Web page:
The newly proposed EV tax credits have been a contentious element of President Joe Biden’s “Build Back Better Act” spending plan. The bill intends to incentivize customers to buy EVs built by union labor, in turn incentivizing automakers to allow their employees to unionize. However, the proposal has received significant pushback from various sources, and it seems that pushback may have caused the legislation to stall.
House of Representatives sends bill to President Biden with delayed EV tax credits
According to a report from Automotive News, the U.S. House of Representatives passed a massive $550 billion spending bill, including $7.5 billion for EV charging stations and $65 billion for upgrading the United States’ power grid.
The bill passed in the House with a vote of 228-206 and will be sent to President Biden to be signed. The President said the passage of the bill is “a monumental step forward as a nation.”
However, the bill passed is not the same as the $1.75 trillion Build Back Better Act, which contains the majority of Biden’s spending agenda, including the additional $4,500 EV tax credits for union-built vehicles. Instead, the House approved a “procedural measure” to prepare a vote for the Build Back Better Act when representatives return after a break.
Pausing the vote was a concession to a small group of moderate lawmakers that refused to vote for the Build Back Better Act without a Congressional Budget Office (CBO) cost analysis score. This pause on the vote is the latest in a series of potential challenges that the increased tax incentive proposal has had to face since its introduction.
Several automakers oppose the increased tax credits
The proposed EV tax credits within the Build Back Better Act heavily favor EVs built by Ford, General Motors, and Stellantis. All three of those manufacturers use union labor at their United States facilities. In total union-built EVs with batteries made in the United States are eligible for a total of $12,500 in tax credits versus a maximum of $7,500 in tax credits for non-union-made vehicles.
Manufacturers such as Hyundai, Nissan, BMW, Volkswagen, and Toyota have spoken out against the legislation calling it “discriminatory.” None of those foreign manufacturers use union labor in their U.S.-based facilities, so they stand to suffer a significant disadvantage to the big three domestic automakers if the bill passes as is.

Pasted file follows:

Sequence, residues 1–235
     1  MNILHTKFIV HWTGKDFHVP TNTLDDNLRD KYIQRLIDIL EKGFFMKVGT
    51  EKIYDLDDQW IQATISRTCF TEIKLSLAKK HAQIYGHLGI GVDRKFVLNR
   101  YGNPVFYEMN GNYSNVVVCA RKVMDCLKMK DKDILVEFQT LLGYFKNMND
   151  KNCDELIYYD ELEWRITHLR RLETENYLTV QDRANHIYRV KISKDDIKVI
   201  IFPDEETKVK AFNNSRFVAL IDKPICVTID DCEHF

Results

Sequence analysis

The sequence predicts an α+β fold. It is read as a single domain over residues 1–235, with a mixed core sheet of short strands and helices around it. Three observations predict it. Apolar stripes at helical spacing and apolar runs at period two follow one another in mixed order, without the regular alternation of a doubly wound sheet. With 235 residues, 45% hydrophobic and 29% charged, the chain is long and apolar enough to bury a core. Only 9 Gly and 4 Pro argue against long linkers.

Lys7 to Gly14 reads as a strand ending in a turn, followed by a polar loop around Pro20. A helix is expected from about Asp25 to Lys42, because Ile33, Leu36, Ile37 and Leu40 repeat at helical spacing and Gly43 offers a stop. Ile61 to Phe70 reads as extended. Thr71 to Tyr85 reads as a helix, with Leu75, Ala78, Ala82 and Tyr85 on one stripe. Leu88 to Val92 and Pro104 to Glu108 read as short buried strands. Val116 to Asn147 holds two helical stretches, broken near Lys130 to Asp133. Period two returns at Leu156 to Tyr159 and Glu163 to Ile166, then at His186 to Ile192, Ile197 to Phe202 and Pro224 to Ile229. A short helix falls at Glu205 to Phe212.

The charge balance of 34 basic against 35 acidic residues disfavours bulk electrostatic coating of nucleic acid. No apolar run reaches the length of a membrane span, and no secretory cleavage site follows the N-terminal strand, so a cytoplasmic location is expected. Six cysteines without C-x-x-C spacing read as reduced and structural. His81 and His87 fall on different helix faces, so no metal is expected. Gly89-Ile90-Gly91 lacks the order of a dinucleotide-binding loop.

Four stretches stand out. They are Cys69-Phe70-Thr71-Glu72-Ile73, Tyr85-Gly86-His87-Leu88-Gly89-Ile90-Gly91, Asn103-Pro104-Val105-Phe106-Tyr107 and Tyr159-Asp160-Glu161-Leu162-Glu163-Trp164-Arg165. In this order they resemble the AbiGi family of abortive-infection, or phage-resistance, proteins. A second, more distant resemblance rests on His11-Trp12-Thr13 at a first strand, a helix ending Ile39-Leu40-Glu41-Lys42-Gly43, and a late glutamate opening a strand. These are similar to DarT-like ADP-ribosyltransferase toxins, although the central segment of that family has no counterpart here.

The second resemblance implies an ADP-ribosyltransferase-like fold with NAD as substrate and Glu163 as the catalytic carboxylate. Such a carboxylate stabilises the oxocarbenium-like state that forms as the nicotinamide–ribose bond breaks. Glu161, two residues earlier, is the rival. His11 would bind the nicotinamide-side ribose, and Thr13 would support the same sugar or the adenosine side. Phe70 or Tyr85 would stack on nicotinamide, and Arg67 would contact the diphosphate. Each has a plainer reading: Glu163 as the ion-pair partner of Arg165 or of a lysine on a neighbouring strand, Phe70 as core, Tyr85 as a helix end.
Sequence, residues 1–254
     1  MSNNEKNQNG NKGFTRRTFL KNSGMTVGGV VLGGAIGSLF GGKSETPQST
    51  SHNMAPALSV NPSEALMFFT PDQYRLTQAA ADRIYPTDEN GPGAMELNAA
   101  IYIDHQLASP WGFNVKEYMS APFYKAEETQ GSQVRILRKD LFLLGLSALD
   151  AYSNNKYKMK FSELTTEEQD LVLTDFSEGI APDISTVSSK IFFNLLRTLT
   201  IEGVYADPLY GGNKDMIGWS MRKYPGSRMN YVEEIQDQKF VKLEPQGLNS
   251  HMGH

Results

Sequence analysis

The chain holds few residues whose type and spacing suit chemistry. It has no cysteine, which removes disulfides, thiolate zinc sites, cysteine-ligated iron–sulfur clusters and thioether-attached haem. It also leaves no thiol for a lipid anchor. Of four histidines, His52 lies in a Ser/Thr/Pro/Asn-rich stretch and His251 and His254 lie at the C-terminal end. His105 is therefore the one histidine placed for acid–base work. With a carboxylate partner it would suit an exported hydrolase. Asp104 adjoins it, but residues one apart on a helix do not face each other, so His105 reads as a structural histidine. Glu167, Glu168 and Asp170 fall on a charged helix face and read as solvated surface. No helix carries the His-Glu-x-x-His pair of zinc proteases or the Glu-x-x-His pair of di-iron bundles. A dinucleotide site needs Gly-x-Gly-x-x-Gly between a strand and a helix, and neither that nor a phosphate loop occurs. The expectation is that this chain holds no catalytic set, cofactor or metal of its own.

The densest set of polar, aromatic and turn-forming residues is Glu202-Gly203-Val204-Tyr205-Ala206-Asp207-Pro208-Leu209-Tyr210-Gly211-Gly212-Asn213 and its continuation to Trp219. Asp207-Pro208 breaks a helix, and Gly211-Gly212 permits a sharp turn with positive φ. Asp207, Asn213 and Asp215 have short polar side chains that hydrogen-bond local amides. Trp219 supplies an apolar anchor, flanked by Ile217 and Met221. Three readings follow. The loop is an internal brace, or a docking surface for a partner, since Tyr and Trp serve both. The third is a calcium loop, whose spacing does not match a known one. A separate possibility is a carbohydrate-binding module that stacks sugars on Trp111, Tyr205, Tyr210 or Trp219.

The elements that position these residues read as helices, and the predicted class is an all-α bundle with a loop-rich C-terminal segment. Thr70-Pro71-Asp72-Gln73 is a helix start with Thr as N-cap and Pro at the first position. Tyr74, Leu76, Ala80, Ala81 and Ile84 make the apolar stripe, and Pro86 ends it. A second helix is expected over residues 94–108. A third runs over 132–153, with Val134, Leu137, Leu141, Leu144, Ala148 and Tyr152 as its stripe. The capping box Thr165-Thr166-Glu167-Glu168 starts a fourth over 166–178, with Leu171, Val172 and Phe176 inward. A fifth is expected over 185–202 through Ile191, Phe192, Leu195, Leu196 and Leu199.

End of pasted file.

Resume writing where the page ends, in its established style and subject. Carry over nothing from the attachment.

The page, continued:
Rather than unionize their workforces, these automakers are speaking out against the bill publicly. In an interview with CNBC, the Executive VP of Toyota called the bill “bad public policy.”
Tesla CEO Elon Musk tweeted that the bill was “written by Ford/UAW lobbyists.” While Tesla is an American automotive company, it does not use union labor in its factories, so its EVs would not be eligible for the new tax credits.
Some foreign governments are against the spending bill
Disadvantaged automakers are not the only ones speaking out against the new EV tax credits. The Canadian government has threatened to take legal action against the United States if the bill passes. Ford, General Motors, and Stellantis all have factories in Canada; however, vehicles built at those facilities would not be eligible for the tax credits.
The Canadian government worries that since the tax credits only apply to vehicles built in the United States, manufacturers will use Canadian labor less, resulting in job losses. Canadian Trade Minister Mary Ng said the proposed EV tax credits are “inconsistent” with U.S.-Mexico-Canada (USMCA) trade agreement. Other Canadian representatives suggested that country would challenge the legislation should it go through.
It is unclear if this pause on the vote will result in any changes to the legislation. We speculate the voices of the opposition will grow louder as the vote gets closer.